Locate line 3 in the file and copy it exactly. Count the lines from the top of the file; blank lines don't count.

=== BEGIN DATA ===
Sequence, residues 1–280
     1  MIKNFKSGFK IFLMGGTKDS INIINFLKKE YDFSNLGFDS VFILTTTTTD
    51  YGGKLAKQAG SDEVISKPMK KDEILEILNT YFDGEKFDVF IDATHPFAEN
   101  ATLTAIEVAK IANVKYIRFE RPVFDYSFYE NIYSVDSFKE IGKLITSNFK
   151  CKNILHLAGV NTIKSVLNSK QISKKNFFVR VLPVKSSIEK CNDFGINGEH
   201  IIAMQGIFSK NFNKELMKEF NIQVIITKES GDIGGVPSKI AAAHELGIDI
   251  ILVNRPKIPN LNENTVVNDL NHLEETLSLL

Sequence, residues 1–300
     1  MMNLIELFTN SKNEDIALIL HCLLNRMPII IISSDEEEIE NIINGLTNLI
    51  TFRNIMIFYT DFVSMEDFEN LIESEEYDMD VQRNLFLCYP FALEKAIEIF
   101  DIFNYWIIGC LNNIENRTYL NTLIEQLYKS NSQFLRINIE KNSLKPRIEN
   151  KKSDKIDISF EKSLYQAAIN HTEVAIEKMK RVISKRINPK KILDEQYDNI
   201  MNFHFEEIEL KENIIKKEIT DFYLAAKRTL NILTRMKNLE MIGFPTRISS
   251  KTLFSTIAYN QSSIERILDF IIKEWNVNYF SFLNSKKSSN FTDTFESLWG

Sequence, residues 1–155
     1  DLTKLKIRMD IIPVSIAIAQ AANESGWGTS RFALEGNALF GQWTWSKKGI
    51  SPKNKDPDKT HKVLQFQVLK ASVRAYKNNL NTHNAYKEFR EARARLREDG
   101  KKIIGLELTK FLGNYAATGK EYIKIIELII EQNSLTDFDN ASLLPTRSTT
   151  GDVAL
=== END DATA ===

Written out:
    51  YGGKLAKQAG SDEVISKPMK KDEILEILNT YFDGEKFDVF IDATHPFAEN